Tag: national export initiative

The Ravages of Antidumping (in a 3.5 Minute Video)

Earlier this year, the Cato Institute published a study of mine titled “Economic Self-Flagellation: How U.S. Antidumping Policy Subverts the National Export Initiative.” The thrust of the paper is that most U.S. antidumping measures restrict and tax the importation of crucial raw materials and intermediate goods used by U.S. producers to make their own final goods. Accordingly, these antidumping measures—imposed for the benefit of one or two or a few firms in less competitive upstream industries—raise the costs of production for downstream U.S. producers and undermine their ability to compete at home and abroad.

The paper contains many statistics and details, and makes a very practical case for antidumping reform. But if you want just the highlights and would prefer to absorb them through a more passive medium, my Cato colleagues Caleb Brown and Austin Bragg have produced an excellent, 3-and-a-half-minute video, which gets straight to the point:

On the other hand, if you can’t get enough original research on U.S. antidumping policy, please visit our growing online library of antidumping resources (most, but not all, of the content there pertains to antidumping policy).

Antidumping Reform Crucial to U.S. Competitiveness

The Cato Institute today published its 13th policy paper on the topic of antidumping. “Economic Self-Flagellation: How U.S. Antidumping Policy Subverts the National Export Initiative” describes with compelling anecdotes and data how the outdated assumptions of a 90-year-old law—one purported to “level the playing field” and protect U.S. companies from “unfair” foreign competition—conspire with its overzealous application to erode the competitiveness of U.S. firms.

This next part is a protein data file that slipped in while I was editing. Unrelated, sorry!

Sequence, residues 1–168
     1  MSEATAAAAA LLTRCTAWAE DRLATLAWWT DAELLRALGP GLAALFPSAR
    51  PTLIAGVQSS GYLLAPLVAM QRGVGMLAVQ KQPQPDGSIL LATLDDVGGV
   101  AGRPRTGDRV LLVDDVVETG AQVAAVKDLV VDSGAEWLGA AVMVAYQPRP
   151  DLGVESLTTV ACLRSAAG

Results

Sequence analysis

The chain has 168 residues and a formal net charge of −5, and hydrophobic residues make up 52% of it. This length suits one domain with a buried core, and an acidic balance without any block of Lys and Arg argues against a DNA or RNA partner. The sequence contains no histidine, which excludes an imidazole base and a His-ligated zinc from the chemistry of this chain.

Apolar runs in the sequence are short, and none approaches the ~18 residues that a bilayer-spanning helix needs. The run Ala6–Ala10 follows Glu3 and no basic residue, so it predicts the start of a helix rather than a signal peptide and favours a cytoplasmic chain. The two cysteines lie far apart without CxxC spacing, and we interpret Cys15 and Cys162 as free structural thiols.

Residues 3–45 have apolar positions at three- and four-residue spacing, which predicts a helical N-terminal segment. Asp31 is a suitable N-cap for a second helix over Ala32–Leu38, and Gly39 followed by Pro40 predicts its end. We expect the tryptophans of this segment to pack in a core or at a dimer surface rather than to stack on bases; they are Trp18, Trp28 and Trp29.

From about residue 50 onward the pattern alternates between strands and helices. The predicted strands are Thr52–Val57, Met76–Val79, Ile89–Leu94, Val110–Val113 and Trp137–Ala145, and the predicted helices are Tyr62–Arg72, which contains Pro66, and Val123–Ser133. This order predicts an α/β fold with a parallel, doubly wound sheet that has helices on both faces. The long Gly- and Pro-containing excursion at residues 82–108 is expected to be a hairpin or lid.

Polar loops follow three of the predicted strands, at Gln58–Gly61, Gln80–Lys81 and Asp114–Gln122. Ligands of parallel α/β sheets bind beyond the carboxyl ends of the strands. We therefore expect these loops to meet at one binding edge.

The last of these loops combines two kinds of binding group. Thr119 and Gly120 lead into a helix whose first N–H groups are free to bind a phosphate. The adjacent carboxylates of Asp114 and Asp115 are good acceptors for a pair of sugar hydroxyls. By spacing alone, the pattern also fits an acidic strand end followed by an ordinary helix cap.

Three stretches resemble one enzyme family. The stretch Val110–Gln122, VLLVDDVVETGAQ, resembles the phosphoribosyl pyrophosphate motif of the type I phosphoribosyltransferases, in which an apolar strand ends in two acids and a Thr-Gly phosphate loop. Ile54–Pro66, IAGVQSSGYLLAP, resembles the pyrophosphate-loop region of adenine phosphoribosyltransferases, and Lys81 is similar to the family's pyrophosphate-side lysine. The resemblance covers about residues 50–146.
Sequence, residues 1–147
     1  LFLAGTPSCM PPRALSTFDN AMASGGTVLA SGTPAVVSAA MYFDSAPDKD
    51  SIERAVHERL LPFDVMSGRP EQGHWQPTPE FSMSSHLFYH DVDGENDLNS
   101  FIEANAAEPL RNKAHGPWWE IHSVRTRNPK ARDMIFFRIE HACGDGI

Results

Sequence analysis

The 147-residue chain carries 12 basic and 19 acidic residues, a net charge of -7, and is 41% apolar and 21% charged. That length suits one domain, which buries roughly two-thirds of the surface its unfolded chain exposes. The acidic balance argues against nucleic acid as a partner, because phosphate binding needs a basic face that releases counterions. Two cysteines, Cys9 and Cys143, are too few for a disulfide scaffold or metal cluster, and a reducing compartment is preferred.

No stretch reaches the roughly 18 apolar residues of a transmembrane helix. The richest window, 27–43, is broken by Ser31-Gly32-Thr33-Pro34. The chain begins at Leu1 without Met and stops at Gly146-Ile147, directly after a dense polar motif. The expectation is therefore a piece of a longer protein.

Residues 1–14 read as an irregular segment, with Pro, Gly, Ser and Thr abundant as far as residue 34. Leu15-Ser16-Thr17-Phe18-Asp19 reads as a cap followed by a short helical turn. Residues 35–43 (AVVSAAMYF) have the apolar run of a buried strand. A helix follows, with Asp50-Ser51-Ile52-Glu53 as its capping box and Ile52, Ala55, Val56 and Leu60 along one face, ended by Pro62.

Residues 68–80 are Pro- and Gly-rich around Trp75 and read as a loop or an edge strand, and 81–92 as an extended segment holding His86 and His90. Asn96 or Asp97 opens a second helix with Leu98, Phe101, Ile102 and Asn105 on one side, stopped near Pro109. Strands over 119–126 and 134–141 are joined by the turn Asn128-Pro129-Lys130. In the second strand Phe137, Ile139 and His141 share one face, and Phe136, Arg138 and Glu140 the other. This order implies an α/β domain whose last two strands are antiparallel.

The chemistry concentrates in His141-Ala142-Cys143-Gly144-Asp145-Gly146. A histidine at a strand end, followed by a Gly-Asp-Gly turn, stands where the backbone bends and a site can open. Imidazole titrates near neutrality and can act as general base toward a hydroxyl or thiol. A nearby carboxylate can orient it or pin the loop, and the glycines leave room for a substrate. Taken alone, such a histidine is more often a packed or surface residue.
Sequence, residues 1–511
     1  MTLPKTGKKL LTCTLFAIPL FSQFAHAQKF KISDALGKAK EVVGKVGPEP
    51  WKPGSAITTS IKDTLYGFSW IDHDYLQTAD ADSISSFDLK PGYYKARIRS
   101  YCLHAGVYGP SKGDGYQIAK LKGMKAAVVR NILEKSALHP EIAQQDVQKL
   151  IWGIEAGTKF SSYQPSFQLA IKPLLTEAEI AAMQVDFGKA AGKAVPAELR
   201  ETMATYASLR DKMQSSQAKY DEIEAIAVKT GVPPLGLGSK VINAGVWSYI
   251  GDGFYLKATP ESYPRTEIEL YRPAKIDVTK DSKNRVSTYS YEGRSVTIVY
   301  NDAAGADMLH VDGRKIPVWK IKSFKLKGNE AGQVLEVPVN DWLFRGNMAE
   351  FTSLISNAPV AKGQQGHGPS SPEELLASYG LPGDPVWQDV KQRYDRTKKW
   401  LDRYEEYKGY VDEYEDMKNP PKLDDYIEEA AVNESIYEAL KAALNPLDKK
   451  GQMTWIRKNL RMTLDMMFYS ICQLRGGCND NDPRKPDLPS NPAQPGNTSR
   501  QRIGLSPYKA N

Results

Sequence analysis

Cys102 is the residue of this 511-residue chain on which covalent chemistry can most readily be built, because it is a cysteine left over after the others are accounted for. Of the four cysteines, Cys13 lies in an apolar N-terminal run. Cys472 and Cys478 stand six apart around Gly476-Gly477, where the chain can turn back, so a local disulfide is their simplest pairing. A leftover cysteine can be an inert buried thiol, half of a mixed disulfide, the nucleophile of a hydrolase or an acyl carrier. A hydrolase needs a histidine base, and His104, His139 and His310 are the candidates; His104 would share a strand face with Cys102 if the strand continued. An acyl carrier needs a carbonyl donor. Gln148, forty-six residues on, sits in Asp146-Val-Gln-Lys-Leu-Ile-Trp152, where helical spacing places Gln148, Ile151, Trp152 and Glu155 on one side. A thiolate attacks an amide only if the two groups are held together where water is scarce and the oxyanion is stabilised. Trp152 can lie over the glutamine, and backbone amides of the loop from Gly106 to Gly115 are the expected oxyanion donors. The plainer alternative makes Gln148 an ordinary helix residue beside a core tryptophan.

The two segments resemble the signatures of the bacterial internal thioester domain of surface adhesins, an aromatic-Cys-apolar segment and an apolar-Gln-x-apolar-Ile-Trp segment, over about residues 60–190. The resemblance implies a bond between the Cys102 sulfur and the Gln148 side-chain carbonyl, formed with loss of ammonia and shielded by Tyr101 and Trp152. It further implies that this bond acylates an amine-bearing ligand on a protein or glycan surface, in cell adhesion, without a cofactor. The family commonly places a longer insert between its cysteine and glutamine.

During the decade from January 2000 through December 2009, the U.S. government imposed 164 antidumping measures on a variety of products from dozens of countries. A total of 130 of those 164 measures restricted (and in most cases, still restrict) imports of intermediate goods and raw materials used by downstream U.S. producers in the production of their final products. Those restrictions raise the costs of production for the downstream firms, weakening their capacity to compete with foreign producers in the United States and abroad.

In all of those cases, trade-restricting antidumping measures were imposed without any of the downstream companies first having been afforded opportunities to demonstrate the likely adverse impact on their own business operations. This is by design. The antidumping statute forbids the administering authorities from considering the impact of prospective duties on consuming industries—or on the economy more broadly—when weighing whether or not to impose duties.

That asymmetry has always been insane, but given the emergence and proliferation of transnational production and supply chains and cross-border investment (i.e., globalization)—evidenced by the fact that 55% of all U.S. import value consists of raw materials, intermediate goods, and capital equipment (the purchases of U.S. producers)—it is now nothing short of self-flagellation.

Most of those import-consuming, downstream producers—those domestic victims of the U.S. antidumping law—are also struggling U.S. exporters. In fact those downstream companies are much more likely to export and create new jobs than are the firms that turn to the antidumping law to restrict trade. Antidumping duties on magnesium, polyvinyl chloride, and hot-rolled steel, for example, may please upstream, petitioning domestic producers, who can subsequently raise their prices and reap greater profits. But those same “protective” duties are extremely costly to U.S. producers of auto parts, paint, and appliances, who require those inputs for their own manufacturing processes.

President Obama acknowledges as much. On August 11, 2010, at a White House signing ceremony, the president offered the following rationale for a bill that he was about to sign into law: